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Nov 24, 2020
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New Pension Rules

On September 21, 2020, Ontario Regulation 520-20, which amends the Pension Benefits Act (PBA), was filed.

Under this new Regulation, employers who sponsor eligible defined benefit (DB) plans can defer contributions for up to six months between the period of October 2020 to March 31, 2021. Only private sector employers sponsoring single-employer DB plans are eligible to participate. Multi-employer pension plans, jointly sponsored pension plans, and public sector pension plans, are not eligible to participate.

If a company opts to defer its contributions under Regulation 520-20, it must repay the contributions with interest. The Regulation specifies certain time frames for repayment, and in all cases the repayments must be made by no later than March 31, 2022. If companies find their financial outlook has suddenly improved, they may choose to accelerate their repayments at any time. Once they are caught up, they may return to their regular contribution schedule.

New Conditions on the Deferral

This new Regulation is aimed primarily at helping employers get over a cash crunch as a result of COVID-19 or the lockdown impacts. However, as with other funding relief, there is a risk that the employer becomes insolvent before repaying these deferred payments, and that the deferral could exacerbate any underfunding.

While the Regulation includes standard requirements such as filings with the regulator and disclosure of the deferral in member annual statements, it goes further. The Regulation provides two important safeguards that specifically protect employees by ensuring only those companies that truly need the deferrals are able to access them.

First, the above-described deferral mechanism is only available to employers who, as of October 2020, are up to date on all their payments. If an employer is behind in making required contributions to its DB pension plan, it will not be allowed to participate in the program.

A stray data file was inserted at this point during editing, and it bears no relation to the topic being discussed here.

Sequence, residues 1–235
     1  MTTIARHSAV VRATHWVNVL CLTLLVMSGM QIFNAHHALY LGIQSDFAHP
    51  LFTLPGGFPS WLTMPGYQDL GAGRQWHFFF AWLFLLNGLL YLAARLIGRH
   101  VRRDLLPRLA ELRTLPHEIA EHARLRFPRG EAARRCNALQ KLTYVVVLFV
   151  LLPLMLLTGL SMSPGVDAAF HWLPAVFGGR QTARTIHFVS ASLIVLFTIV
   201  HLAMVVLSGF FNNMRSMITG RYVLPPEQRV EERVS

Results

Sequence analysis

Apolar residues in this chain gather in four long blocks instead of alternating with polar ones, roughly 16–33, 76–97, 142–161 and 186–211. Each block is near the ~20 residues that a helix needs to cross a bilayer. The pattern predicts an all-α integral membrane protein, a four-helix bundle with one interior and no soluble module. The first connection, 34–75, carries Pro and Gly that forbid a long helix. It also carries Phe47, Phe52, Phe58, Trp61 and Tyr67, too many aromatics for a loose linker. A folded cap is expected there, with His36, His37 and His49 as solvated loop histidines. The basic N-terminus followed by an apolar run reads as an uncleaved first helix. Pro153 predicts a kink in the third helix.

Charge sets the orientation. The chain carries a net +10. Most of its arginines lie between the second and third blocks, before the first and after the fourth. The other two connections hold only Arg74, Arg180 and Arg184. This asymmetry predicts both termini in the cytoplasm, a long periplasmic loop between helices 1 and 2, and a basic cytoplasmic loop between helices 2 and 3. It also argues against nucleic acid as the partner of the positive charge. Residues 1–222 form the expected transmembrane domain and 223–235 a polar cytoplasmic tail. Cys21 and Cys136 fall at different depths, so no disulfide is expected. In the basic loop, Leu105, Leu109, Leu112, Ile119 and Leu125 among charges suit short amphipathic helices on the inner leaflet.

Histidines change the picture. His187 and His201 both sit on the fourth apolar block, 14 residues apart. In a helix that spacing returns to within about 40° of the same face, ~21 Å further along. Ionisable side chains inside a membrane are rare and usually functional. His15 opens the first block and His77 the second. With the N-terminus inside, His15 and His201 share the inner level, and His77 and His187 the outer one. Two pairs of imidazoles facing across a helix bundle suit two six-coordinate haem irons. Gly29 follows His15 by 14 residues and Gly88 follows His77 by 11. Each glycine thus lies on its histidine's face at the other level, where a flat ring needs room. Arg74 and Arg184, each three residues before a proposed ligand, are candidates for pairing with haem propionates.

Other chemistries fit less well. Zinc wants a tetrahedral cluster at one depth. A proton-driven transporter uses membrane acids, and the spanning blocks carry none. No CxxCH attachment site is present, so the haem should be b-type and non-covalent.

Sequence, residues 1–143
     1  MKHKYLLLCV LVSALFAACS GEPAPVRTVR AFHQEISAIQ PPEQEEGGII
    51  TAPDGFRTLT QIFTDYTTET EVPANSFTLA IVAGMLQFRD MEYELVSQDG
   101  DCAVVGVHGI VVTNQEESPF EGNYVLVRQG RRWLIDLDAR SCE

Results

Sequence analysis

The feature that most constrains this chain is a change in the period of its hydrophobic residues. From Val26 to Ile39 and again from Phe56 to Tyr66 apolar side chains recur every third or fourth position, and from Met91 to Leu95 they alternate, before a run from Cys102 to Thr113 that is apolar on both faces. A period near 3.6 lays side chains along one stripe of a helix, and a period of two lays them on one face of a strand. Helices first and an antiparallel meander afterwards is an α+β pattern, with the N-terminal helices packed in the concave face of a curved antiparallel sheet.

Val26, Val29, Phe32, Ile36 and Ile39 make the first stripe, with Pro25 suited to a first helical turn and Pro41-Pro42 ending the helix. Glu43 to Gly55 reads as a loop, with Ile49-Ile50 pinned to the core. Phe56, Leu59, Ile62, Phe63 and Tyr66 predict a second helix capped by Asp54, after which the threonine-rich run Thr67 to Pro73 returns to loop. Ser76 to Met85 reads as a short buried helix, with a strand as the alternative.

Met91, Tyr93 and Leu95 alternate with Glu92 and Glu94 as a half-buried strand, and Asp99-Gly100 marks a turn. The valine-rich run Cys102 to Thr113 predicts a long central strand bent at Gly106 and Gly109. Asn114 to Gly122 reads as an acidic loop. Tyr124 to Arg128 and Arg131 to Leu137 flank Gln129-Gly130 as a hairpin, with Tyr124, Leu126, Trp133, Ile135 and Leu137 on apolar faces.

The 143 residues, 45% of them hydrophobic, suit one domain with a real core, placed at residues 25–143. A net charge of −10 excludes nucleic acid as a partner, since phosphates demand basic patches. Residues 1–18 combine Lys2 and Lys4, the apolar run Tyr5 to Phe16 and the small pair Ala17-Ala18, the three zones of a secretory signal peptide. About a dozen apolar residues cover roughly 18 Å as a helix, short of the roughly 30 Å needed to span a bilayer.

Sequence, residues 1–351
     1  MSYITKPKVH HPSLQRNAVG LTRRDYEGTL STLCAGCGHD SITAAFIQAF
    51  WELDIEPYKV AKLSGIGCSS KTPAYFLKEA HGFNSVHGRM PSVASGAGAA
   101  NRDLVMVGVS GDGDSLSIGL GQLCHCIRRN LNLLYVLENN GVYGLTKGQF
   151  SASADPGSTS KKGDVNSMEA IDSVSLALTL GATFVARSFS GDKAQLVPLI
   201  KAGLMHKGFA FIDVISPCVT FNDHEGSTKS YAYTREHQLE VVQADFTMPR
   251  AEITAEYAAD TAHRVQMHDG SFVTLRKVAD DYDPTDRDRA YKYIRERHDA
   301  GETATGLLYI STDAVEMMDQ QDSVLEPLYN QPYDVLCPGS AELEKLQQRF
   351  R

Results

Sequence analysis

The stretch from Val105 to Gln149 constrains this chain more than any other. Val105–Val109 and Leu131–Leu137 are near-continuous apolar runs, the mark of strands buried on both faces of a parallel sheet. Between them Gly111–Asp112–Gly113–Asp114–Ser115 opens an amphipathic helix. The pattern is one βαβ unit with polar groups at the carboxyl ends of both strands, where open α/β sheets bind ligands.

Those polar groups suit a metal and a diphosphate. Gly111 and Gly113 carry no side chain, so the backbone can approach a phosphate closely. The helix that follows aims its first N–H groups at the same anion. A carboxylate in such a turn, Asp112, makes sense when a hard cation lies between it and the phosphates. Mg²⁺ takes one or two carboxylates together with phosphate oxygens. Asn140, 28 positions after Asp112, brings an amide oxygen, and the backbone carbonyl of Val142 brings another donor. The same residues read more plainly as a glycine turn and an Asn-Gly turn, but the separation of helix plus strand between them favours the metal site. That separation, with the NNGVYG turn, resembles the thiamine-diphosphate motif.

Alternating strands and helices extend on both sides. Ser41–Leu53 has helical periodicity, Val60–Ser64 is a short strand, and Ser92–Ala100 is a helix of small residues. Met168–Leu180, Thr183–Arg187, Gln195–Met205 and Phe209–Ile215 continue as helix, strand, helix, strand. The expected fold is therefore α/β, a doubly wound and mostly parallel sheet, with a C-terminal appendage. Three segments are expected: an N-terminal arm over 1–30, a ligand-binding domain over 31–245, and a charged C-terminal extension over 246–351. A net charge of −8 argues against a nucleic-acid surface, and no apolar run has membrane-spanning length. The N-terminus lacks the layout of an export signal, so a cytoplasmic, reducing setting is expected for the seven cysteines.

Second, and most importantly, the legislation specifically prohibits companies from using corporate assets for certain purposes during the deferral period.  For example, an employer may not increase the salary, benefits or perquisites, or pay bonuses to its executives for the entre period they are deferring payments. "Bonus" includes both long-term and short-term incentives, and specifically includes stock option awards, meaning even a non-cash award would likely be prohibited. The Regulation broadly defines "executives" to include not only presidents and vice-presidents, but also a wide range of other employees who may hold "any other executive position or office with the employer".  As well, companies are prohibited from paying out dividends or redeeming any of their shares.

Unions and employee advocates have argued for decades that if the government gives employers a break on funding their pension plans, employers should not be able to turn around and increase executive salaries or pay out dividends.  It is interesting that the current government, which has repeatedly slashed employee protections since taking office in 2018, is the first government to make this important connection between the plans funding and corporate decisions about other uses of capital.

A related union and employee concern with funding relief has been the lack of information about the financial state of the employer, which is so important to the financial status of a single employer pension plan.  The previous government passed but did not put into force an amendment to the PBA (s. 98.1) which could have paved the way for administrators and/or employers to be required to provide notice of “disclosable events”.  It was hoped by many that disclosable events would include material changes in the financial position of the employer which would provide notice of impending challenges for pension plan funding.  This provision remains inactive.

These restrictions on executive compensation and dividends during the deferral period will likely mean that employers will not take advantage of this deferral program unless they are truly desperate. Thus, the Regulation provides some relief to companies in need of a break, while preventing companies from taking a business-as-usual approach to executive compensation and dividends as the pension plan bears additional funding risk.

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